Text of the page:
The following information about Cumberland Island and the historic Greyfield Inn is provided for the benefit of search engines.
Karen and Michael were married on the beach on Cumberland Island, the location of the JFK Jr. Carolyn Bessette wedding in September of 1996.
What follows is a description of that famous wedding written by Judith Gaines of the Boston Globe:
At a mansion once owned by the Andrew Carnegie family, on a remote Georgia island where wild horses still roam, John Fitzgerald Kennedy Jr. married Carolyn Bessette.
Bessette, 29, a former publicist for Calvin Klein and a graduate of Boston University, reportedly had been dating Kennedy for more than two years. Kennedy, the son of the late President John F. Kennedy and Jacqueline Kennedy Onassis, is co-editor of the political magazine George.
The 7:30 p.m. nuptials took place on Cumberland Island, beginning with a ceremony in a log-cabin church. Built in 1893, the African Baptist Church is no longer active, and serves as a local historical monument. The small chapel seats about 40 people, said Camden County Probate Judge Martin Gillette. He said the couple appeared Thursday in his office to apply for a license and a blood test. ''They asked us not to talk about it until after the ceremony,'' said Gillette.
The site of the reception was at the exclusive Greyfield Inn.
The wedding party rented the entire 13-room inn for the gala, buying out anyone with prior reservations, Brinko said.
A resident of St. Mary's who witnessed preparations surrounding the inn said the driveway was lit by small ground lights, or luminaria, ''like it would be for Christmas.'' She described the wedding as a small, intimate affair, presided over A source close to the Kennedy family said, ''If John wanted a quiet wedding, this is the way he would have gone about it.''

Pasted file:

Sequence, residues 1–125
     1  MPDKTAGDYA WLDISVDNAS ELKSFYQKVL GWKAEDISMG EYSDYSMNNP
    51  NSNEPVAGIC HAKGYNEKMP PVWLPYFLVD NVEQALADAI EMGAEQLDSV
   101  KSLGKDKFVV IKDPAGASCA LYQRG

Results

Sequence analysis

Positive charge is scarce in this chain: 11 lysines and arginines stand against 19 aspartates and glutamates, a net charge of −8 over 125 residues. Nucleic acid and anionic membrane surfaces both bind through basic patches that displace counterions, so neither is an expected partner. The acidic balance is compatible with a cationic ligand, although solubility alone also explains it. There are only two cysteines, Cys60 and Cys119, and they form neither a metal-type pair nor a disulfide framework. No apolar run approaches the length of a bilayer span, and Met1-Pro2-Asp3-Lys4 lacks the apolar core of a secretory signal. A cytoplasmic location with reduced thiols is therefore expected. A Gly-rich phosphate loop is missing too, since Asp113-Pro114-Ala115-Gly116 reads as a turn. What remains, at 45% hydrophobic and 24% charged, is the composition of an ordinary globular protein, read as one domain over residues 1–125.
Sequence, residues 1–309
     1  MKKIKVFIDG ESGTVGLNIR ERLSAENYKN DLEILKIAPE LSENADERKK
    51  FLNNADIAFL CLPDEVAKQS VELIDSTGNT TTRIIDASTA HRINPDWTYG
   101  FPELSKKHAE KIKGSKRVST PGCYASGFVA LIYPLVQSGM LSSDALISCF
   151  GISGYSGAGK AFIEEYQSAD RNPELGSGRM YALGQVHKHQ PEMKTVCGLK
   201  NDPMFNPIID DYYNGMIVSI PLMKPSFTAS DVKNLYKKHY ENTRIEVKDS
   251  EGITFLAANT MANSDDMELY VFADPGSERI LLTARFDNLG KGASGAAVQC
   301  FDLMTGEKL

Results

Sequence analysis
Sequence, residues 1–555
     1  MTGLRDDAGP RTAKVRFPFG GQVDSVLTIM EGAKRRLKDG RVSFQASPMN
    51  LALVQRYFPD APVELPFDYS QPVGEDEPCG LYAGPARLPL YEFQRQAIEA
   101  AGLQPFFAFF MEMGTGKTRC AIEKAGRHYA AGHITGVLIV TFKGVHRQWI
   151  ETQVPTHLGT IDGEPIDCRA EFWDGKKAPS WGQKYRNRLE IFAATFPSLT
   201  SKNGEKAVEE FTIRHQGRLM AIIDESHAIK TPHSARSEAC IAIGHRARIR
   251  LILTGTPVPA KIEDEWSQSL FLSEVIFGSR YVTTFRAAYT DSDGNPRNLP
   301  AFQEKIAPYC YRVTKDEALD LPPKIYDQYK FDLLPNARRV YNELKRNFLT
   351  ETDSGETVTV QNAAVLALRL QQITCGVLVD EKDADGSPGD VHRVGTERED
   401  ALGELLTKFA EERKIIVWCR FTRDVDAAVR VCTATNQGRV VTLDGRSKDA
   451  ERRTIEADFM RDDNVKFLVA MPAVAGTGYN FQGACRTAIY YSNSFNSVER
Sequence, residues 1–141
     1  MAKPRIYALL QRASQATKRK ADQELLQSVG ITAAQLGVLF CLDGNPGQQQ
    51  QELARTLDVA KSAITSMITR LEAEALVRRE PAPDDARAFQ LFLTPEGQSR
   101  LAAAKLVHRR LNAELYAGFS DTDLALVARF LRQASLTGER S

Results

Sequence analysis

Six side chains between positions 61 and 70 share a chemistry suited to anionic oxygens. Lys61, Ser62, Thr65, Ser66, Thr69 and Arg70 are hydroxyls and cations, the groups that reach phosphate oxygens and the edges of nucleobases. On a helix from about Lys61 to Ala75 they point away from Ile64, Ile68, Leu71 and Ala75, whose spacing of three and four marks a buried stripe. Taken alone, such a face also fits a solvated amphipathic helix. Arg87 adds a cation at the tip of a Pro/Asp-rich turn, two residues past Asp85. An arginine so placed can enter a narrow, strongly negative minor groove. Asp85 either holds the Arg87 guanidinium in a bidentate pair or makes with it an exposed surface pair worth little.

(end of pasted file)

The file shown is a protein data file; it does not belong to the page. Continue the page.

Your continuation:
Staging the event at an inaccessible, offshore location and without the huge Kennedy clan in attendance was the best way to keep the wedding private and relatively low-key, the source explained.
The largest and southernmost of Georgia's barrier islands, Cumberland is a lush, marshy wilderness of an island, 18 miles long and 3 miles wide, first known as one of the ''Golden Isles of Guale.''
The Greyfield Inn, still owned by members of the Carnegie family, is so secluded that guests arrive only by ferry, private boat or helicopter. They communicate with the mainland by cellular phone.
Rates start at $245 a night for a room, or $350 for a suite. The charge includes the services of a naturalist to help visitors explore the island's 18 miles of unspoiled beaches and exotic wildlife.
The traditional, Southern-colonial style inn, now owned by Mitty and Mary Jo Ferguson, was constructed for the Andrew Carnegie family in 1901. The Kennedy family frequently vacationed there, according to Brinko. Other celebrities who have sought its privacy and beauty include Jimmy Buffett and Jimmy Carter, she said.
Cumberland Island is home to less than 100 people, and most of them work for the National Park Service, which is a major landowner. With pristine marshlands and a regal oak forest, a large part of the island was designated as a ''national seashore'' in 1972.
It is an intensely private sort of sanctuary. The island has no grocery store, no gas station, no commercial establishments of any kind, other than the inn. Only landowners and park rangers are allowed to have automobiles.
Two other island mansions -- named Plum Orchard and Dungeness, both also built by the Carnegies -- may have housed members of the wedding party.